Project Guide

How to Plant Hurricane-Resistant Trees

Choose Your Hurricane-Resistant Trees

Choose hurricane-resistant trees best suited to your needs. If room permits, group five or more trees together. A single tree has less wind resistance than trees planted closely together. Plus, root systems intertwine to better anchor trees in the soil. 

Dig the Holes

Be sure to plant trees 10 feet apart, but not in a straight line. Dig holes 3 to 4 times as wide but no deeper than the container. You want to make it easy for the roots of trees to grow outward. Fill the holes with water and let them drain.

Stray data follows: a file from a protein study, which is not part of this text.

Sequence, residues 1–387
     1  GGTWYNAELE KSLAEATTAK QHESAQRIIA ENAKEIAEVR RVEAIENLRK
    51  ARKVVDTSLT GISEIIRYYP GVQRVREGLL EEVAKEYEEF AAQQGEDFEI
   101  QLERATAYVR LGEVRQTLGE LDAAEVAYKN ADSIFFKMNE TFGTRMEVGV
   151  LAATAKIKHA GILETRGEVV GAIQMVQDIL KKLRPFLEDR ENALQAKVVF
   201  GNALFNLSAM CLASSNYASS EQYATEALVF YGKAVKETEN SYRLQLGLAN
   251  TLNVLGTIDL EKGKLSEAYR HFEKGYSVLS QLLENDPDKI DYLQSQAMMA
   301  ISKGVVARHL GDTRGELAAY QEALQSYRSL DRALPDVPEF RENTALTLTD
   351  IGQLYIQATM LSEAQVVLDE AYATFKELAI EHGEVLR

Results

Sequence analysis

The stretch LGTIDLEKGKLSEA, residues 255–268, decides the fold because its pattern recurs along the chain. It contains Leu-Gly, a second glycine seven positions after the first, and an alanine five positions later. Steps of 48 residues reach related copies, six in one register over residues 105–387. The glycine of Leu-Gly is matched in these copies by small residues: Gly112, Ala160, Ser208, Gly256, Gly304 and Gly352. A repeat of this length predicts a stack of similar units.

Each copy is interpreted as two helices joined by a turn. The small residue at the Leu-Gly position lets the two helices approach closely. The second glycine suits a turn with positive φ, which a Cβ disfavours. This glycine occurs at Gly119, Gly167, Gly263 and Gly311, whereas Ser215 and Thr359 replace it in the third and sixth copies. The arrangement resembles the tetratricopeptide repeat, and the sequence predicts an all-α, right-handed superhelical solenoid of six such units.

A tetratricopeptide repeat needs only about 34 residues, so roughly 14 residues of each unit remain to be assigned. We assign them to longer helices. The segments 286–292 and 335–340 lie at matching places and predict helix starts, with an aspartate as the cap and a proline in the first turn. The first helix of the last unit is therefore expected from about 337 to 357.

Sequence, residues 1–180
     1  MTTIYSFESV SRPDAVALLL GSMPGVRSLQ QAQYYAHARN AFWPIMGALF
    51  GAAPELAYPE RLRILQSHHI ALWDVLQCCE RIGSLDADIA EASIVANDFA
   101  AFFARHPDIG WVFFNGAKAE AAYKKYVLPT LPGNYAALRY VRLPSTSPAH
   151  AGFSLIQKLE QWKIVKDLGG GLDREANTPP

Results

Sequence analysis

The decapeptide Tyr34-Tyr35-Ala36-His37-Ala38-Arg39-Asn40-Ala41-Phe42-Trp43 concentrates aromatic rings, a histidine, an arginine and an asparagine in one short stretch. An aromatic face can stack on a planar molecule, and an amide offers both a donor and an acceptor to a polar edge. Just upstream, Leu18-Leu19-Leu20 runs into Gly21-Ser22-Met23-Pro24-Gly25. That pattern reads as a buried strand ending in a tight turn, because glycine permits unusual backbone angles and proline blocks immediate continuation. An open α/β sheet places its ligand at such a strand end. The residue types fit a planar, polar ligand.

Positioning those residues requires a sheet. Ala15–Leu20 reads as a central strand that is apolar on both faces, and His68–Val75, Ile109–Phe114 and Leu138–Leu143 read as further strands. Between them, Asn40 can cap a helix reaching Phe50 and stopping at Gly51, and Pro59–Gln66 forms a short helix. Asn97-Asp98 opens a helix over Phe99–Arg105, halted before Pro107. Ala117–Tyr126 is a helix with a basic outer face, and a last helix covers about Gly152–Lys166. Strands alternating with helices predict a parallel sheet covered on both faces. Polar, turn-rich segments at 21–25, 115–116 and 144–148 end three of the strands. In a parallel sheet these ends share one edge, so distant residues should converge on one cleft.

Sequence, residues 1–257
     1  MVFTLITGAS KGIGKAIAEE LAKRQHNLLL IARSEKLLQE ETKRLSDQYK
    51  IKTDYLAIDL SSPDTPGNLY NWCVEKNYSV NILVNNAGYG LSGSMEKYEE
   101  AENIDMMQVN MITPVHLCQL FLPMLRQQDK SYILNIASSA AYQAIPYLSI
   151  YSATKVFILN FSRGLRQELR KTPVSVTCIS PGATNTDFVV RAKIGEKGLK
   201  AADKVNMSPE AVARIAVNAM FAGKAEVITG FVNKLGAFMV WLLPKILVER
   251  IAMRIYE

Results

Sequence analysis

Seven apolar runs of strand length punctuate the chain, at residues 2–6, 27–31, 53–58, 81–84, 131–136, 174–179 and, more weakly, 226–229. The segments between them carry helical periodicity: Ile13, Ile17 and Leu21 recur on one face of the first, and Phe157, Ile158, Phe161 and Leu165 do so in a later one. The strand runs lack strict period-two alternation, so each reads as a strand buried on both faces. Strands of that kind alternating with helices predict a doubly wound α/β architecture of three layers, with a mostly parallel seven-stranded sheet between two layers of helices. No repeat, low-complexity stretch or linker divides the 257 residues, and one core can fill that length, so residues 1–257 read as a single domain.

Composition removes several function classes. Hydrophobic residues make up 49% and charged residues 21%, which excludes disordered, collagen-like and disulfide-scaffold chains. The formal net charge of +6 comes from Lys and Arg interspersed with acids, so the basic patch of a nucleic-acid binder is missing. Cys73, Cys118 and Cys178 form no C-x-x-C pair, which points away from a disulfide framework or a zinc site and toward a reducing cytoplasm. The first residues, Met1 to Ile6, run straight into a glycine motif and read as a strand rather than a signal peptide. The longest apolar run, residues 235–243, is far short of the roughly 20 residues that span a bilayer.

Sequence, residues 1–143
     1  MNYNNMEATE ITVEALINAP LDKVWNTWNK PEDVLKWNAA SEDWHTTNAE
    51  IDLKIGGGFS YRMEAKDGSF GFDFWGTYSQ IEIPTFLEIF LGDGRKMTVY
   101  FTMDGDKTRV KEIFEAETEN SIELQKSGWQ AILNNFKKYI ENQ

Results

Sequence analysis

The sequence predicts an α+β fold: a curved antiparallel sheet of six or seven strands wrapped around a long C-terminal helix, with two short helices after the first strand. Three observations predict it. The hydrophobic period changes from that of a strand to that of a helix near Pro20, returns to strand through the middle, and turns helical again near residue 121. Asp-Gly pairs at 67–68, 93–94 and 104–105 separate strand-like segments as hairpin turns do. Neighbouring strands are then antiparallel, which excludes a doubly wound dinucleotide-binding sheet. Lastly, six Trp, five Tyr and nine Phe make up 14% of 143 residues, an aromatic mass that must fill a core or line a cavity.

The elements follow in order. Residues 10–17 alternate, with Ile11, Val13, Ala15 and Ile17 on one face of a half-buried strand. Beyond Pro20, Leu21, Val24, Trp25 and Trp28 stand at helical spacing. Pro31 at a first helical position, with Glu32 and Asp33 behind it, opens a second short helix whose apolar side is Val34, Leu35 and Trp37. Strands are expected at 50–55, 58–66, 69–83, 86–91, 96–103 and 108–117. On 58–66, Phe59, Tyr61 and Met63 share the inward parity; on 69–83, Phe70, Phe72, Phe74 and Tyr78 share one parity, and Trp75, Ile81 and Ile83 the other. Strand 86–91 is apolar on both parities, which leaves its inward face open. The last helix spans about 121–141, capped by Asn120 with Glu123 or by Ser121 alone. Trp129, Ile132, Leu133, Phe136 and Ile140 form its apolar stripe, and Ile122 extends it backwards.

Plant Hurricane-Resistant Trees

Ease the trees out of their pots. Gently loosen roots, being careful not to damage them. Set the trees in their holes so the place where their trunks meet the roots is at the soil line — not too high and not too deep. Spread the roots out. Fill holes halfway with soil and lightly tamp to eliminate air pockets. Replace the remaining soil and tamp again. Build shallow saucers of soil with 3-inch lips around the perimeter of each hole to contain water. Water each tree gently and deeply.

Mulch and Care for Newly-Planted Trees

Mulch around your planted trees, keeping the mulch away from each trunk. Do not mound mulch like a volcano. It can kill trees. Water regularly the first year, even during winter warm spells if the soil isn’t frozen. Maintain a construction-free zone out to the edge of the tree canopy. Protect roots from damage by keeping equipment and digging activities away from the root zone.